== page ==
Laboratory analyses of biologic samples outcomes: Data sheets will record descriptive information on the biopsy when collected (number of tubes, etc.). Samples will be labeled according to the visit the study participant attended. The sample tubes will be labeled with the participant’s study ID number first. For example, when collecting data subject 05 on visit 2, the images will be labeled as PI05_V2 followed by the type of fluid. For biologic samples, similar identifiers will be used with _urine or _serum used to identify the type of fluid (example: PI05_V2_urine).

Blood samples: Standard venipuncture will be used to collect 10 mL blood samples at each of the five study visits. The PI and research coordinator have both completed the UK Phlebotomy Class and completed the “Phlebotomy Clinical Training and Competency Validation” form to allow drawing blood samples from study subjects. In addition, the 4 other research coordinators in the Department of Orthopaedic Surgery and Sports Medicine have also been trained and certified in phlebotomy. While not key personnel in the current study, they will be added to the study personnel list to act as back-ups should both the study coordinator and PI not be available to perform the study blood draws.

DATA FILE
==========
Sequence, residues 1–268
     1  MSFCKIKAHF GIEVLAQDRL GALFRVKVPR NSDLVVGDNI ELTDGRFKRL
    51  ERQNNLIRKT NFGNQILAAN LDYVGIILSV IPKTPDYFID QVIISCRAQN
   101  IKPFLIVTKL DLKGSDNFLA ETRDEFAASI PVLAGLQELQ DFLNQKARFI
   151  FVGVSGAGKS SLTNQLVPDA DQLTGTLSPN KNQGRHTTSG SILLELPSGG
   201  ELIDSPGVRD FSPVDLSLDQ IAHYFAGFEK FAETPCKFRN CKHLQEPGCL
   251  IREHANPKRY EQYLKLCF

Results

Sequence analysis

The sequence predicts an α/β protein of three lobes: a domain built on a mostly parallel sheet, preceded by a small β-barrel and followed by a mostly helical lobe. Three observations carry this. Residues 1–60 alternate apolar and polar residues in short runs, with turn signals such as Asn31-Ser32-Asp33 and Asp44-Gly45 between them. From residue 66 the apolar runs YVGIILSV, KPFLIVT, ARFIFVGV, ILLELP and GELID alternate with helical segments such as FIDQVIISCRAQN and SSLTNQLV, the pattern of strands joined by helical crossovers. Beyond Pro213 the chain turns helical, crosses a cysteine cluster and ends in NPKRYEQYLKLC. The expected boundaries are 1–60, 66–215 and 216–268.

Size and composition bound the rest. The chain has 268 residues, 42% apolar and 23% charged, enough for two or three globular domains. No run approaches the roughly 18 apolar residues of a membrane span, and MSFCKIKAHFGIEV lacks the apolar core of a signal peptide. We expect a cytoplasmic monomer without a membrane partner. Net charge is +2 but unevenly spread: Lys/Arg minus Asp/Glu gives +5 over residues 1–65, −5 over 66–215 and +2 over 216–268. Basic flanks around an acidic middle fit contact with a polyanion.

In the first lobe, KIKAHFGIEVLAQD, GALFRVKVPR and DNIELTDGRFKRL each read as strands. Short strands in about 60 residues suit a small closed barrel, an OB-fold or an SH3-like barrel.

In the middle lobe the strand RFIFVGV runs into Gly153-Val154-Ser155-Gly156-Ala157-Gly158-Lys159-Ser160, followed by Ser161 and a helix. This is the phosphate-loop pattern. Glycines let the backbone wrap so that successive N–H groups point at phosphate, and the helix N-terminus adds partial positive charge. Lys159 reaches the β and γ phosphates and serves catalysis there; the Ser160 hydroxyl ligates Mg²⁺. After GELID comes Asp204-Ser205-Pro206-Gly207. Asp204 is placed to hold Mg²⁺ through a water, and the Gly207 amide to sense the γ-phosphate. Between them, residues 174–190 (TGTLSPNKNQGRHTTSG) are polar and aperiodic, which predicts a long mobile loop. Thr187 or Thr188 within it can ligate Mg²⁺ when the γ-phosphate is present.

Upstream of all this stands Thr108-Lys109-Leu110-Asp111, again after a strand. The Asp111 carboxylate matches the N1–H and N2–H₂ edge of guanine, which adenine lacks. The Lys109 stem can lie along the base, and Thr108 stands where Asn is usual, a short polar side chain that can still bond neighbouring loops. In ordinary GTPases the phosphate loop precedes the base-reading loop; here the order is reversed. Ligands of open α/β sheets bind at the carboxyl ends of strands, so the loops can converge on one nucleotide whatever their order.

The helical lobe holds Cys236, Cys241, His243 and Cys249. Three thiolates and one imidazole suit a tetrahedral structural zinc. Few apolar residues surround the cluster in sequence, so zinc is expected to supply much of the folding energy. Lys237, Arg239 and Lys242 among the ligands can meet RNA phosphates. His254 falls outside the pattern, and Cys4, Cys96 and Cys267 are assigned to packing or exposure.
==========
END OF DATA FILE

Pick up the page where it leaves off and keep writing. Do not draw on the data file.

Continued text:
Urine samples: Similarly, urine samples will be collected at all 5 study visits. The Functional Orthopedics Assessment Laboratory (FOAL) is located within the clinical space at the UK Orthopaedic and Sports Medicine Center. There is a dedicated, lockable restroom located next door to the FOAL which allows participants a private area to provide a urine sample, and the sample can then be discreetly transferred from the restroom to the FOAL.

Sample processing: Blood and urine samples will be collected at all study time points. Serum and urine samples will be initially processed in the FOAL. Blood and urine samples will be spun in a refrigerated centrifuge at 3500 RPM for 10 min. Serum and urine will then be aliquoted into separate pre-labeled cryovials. Samples will be initially stored on site at − 80 °C in a freezer, and subsequently transferred from the clinical facility to the University of Kentucky Orthopaedic Biomarker Repository for analysis (UK’s Charles T. Wethington Building, Room 443) on a monthly basis.